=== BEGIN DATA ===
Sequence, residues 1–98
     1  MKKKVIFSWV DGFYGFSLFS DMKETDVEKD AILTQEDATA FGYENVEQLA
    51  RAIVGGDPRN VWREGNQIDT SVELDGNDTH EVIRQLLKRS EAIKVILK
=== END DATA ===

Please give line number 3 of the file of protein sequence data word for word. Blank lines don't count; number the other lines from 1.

    51  RAIVGGDPRN VWREGNQIDT SVELDGNDTH EVIRQLLKRS EAIKVILK